How the First World War influenced the author of the Lord of the Rings Trilogy: “Very much the best book about J.R.R. Tolkien that has yet been written.” —A. N. Wilson
As Europe plunged into World War I, J. R. R. Tolkien was a student at Oxford and part of a cohort of literary-minded friends who had wide-ranging conversations in their Tea Club and Barrovian Society. After finishing his degree, Tolkien experienced the horrors of the Great War as a signal officer in the Battle of the Somme, where two of those school friends died. All the while, he was hard at work on an original mythology that would become the basis of his literary masterpiece, the Lord of the Rings trilogy.
In this biographical study, drawn in part from Tolkien’s personal wartime papers, John Garth traces the development of the author’s work during this critical period. He shows how the deaths of two comrades compelled Tolkien to pursue the dream they had shared, and argues that the young man used his imagination not to escape from reality—but to transform the cataclysm of his generation. While Tolkien’s contemporaries surrendered to disillusionment, he kept enchantment alive, reshaping an entire literary tradition into a form that resonates to this day.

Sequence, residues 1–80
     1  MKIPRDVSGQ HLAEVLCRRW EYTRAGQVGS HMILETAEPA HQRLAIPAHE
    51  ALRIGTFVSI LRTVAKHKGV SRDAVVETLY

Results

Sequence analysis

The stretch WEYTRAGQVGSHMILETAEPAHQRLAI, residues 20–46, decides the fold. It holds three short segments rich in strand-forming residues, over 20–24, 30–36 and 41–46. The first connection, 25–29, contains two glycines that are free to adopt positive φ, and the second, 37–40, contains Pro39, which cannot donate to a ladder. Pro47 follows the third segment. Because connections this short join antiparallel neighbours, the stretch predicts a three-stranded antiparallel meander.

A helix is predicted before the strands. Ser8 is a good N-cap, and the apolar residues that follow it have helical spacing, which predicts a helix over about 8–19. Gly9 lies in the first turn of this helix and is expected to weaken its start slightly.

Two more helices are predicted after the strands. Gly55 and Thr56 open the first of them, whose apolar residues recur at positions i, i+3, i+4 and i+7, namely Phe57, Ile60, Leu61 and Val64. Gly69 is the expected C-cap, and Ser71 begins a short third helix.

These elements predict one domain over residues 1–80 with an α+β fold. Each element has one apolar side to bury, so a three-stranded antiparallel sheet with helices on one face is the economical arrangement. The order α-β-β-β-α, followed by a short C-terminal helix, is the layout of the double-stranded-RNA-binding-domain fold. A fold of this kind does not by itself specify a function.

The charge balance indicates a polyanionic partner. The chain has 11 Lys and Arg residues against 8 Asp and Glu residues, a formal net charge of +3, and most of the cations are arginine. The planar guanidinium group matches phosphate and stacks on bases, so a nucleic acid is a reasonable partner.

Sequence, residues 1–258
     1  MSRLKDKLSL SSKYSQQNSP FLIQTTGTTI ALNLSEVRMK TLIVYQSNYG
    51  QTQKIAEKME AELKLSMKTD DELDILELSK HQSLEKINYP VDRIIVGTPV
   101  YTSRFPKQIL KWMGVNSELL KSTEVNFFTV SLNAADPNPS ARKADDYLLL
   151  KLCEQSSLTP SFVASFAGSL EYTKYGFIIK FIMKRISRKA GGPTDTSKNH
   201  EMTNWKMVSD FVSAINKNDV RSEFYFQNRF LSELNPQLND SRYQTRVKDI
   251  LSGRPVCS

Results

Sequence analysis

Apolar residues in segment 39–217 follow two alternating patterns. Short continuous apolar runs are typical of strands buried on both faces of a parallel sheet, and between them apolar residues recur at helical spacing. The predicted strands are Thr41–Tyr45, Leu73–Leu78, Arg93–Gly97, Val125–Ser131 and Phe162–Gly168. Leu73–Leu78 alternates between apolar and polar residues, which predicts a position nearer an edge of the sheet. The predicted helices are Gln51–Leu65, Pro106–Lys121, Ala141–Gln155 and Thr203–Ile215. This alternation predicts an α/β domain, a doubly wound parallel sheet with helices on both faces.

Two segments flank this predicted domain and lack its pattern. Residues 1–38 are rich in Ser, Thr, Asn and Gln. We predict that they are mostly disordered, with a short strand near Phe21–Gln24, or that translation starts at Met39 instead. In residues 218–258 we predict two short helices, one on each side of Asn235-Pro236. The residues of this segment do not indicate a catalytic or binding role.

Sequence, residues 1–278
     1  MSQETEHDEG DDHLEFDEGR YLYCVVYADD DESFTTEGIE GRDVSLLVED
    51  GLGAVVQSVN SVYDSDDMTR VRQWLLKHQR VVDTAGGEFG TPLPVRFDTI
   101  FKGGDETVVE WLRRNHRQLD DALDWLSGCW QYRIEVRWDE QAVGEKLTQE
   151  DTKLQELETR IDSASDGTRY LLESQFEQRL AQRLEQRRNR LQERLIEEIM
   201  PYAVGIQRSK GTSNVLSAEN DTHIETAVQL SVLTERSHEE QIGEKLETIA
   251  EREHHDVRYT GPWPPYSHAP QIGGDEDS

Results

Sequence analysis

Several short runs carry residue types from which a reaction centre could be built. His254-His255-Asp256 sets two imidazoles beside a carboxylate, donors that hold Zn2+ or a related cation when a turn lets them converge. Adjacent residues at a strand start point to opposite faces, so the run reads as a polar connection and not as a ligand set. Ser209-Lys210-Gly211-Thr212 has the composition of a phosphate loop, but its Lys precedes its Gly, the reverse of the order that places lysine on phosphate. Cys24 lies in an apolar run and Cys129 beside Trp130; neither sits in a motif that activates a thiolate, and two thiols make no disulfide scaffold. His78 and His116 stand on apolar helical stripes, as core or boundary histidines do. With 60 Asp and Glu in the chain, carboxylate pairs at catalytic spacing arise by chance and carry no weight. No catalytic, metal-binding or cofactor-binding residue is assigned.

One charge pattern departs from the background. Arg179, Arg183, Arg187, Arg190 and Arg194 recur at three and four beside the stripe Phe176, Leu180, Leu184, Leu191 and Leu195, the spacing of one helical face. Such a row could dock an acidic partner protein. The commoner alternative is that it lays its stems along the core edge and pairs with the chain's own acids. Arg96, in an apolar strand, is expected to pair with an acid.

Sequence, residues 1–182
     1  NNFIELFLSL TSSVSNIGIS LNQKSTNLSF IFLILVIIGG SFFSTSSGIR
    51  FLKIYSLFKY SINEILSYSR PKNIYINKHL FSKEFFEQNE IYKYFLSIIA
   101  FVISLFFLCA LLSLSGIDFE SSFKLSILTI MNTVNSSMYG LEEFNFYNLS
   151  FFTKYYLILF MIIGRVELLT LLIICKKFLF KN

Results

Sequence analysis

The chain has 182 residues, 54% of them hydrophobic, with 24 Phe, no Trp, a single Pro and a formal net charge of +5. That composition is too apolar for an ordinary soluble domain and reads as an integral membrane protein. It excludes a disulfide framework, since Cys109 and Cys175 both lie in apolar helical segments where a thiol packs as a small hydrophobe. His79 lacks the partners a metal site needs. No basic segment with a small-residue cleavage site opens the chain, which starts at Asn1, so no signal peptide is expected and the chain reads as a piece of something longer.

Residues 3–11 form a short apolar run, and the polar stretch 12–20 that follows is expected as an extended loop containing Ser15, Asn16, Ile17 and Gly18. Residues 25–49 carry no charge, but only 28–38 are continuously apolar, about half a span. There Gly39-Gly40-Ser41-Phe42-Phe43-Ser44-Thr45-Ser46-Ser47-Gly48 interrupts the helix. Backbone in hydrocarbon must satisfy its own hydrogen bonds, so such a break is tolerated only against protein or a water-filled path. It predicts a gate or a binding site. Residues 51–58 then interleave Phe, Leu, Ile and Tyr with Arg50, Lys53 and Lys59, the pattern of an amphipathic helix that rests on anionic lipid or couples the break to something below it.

“Garth’s fine study should have a major audience among serious students of Tolkien.” —Publishers Weekly
“A highly intelligent book . . . Garth displays impressive skills both as researcher and writer.” —Max Hastings, author of The Secret War
“Somewhere, I think, Tolkien is nodding in appreciation.” —San Jose Mercury News
“A labour of love in which journalist Garth combines a newsman’s nose for a good story with a scholar’s scrupulous attention to detail . . . Brilliantly argued.” —Daily Mail (UK)
“Gripping from start to finish and offers important new insights.” —Library Journal
“Insight into how a writer turned academia into art, how deeply friendship supports and wounds us, and how the death and disillusionment that characterized World War I inspired Tolkien’s lush saga.” —Detroit Free Press